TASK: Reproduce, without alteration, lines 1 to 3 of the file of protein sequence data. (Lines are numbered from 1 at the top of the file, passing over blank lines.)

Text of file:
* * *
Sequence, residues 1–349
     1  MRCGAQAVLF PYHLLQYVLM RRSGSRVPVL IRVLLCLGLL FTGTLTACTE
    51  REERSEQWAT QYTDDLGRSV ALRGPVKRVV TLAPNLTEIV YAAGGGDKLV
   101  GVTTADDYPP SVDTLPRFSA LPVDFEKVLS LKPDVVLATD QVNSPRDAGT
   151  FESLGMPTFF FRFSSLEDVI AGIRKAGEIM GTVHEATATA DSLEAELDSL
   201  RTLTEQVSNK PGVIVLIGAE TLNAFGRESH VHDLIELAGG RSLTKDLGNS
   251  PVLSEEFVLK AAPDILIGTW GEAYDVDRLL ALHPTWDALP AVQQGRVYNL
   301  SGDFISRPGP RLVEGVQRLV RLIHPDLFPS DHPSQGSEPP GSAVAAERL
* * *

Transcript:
Sequence, residues 1–349
     1  MRCGAQAVLF PYHLLQYVLM RRSGSRVPVL IRVLLCLGLL FTGTLTACTE
    51  REERSEQWAT QYTDDLGRSV ALRGPVKRVV TLAPNLTEIV YAAGGGDKLV